US internet providers hijacking users' search queries

Cameron Byrne cb.list6 at
Mon Aug 8 18:47:23 CDT 2011

On Aug 8, 2011 4:24 PM, "Christopher Morrow" <morrowc.lists at>
> On Sat, Aug 6, 2011 at 10:03 PM, Scott Helms <khelms at>
> > Not trying to be obtuse, but none of the technical docs you cite appear
> > talk about HTTP proxies nor does the newswire report have any technical
> > details.  I have tested several of the networks listed in the report and
> > none of the cases I saw was there HTTP proxy activity.  Picking up on
> > WCCP/TCS isn't that hard (I used to install those myself) so unless
there is
> > some functionality in IOS and/or JUNOS that allows I don't see it
> >  Paxfire can operate all of the proxies they want but the network
> > infrastructure has to be able to pass the traffic over to those proxies
> > I don't see it (on at least 3 of the networks cited).
> barefruit/paxfire/nominum/etc all do essentially the same thing:
> 1) install a dns-appliance in-line (some form of in-line, there are
> lots of options, it's not really important in the end which is used)
> between 'cache resolver' and 'user'. ( has a paxfire
> appliance literally in-line between it's customer facing port and the
> world)
> 2) chose a set/subset of queries to falsify answers for (nxdomain
> only? * *?)
> 3) run a farm of servers somewhere else (in the case of paxfire they
> are the servers:
> ;     IN      A
> 60   IN      A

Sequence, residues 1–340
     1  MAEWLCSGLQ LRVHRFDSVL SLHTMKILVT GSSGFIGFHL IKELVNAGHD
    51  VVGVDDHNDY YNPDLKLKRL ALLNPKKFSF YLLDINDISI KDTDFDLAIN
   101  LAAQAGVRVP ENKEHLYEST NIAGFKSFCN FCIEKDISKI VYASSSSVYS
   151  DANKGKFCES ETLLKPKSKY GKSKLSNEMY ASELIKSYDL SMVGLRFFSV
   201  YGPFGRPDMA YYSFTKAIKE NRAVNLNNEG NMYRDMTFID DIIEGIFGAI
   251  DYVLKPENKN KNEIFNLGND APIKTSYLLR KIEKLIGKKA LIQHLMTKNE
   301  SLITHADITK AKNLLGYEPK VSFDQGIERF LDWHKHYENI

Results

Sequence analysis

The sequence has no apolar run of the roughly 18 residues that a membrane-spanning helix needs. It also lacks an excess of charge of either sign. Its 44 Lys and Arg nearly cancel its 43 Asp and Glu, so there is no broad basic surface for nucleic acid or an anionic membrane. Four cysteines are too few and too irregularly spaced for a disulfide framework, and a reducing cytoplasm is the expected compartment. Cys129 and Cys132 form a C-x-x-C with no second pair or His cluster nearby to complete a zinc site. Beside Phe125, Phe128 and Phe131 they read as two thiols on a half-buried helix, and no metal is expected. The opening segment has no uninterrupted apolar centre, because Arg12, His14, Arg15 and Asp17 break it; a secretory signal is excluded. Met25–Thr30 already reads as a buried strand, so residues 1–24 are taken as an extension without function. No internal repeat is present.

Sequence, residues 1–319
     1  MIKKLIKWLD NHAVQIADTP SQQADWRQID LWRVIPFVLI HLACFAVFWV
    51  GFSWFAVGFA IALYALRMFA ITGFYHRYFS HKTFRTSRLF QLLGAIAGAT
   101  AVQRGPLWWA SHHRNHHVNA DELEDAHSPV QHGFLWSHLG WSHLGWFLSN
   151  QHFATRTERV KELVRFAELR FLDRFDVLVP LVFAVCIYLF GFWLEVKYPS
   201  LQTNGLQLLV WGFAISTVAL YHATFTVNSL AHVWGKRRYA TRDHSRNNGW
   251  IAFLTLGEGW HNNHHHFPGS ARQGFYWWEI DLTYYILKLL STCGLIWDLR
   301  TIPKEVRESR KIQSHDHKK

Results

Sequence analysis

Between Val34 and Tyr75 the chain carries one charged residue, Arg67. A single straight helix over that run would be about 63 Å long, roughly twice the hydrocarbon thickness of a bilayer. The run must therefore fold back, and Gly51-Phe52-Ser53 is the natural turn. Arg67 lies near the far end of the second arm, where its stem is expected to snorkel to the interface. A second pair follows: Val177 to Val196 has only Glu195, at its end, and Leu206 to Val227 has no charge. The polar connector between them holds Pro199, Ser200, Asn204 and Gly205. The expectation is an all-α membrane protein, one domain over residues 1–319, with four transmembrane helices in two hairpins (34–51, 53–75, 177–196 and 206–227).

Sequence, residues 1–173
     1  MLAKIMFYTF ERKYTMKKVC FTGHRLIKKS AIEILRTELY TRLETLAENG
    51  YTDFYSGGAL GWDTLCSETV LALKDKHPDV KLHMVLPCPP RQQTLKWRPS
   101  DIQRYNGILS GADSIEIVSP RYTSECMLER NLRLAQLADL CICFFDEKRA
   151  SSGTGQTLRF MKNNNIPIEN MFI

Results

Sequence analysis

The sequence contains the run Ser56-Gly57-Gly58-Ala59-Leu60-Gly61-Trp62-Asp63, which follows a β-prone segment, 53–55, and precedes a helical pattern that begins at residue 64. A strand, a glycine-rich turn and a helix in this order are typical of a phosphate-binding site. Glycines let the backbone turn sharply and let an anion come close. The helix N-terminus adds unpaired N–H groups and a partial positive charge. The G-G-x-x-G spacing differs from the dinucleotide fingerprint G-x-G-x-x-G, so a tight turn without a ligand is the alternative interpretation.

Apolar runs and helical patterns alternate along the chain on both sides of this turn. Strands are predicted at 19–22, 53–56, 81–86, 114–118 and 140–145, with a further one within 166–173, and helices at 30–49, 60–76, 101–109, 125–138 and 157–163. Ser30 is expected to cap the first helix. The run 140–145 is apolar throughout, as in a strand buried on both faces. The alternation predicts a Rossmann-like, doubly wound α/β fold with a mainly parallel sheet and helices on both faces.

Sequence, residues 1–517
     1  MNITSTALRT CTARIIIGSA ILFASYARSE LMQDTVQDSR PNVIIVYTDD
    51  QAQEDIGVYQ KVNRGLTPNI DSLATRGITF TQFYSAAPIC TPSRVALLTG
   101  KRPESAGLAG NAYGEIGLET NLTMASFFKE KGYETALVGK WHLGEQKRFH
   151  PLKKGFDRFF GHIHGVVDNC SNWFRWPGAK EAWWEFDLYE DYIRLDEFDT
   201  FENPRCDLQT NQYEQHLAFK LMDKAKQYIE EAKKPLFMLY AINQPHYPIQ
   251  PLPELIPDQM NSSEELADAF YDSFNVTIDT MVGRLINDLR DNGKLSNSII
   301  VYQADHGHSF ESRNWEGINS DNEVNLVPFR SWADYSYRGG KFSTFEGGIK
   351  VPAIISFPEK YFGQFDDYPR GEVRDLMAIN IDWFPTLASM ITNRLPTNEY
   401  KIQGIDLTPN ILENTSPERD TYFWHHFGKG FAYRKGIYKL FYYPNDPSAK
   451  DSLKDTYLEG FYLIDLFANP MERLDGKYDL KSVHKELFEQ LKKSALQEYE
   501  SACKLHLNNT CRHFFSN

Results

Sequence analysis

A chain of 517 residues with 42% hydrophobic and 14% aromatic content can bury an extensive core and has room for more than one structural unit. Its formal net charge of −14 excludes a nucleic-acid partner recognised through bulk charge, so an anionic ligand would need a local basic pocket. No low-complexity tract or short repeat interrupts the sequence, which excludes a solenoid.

> 60   IN      A
> 65535 IN     NS      WSC2.JOMAX.NET.
> 65535 IN     NS      WSC1.JOMAX.NET.
>  In the case of barefruit it's another complex and in the case of
> nominum it's a third complex ...
> 4) accept http/https/etc on the complex of servers, funnel you an
> answer which is essentially 'hostname == search-query'. For non-http
> most of these complexes are SUPPOSED to not permit a connect to
> happen... for jomax at least they don't accept tcp/443, they do accept
> 25 though :(
> 5) profit if users click on these results.
> It's not black magic, it's annoying and wrong for some versions
> (depending upon your ethics I guess?) of wrong :( I wish ISP's would
> stop doing this, and it seems that some folk have luck twisting arms
> at ISP's to make this stop.
> -chris

Some people believe the search results are a better user experience than the
error page they would otherwise receive.  The "awesome bar" is a similar


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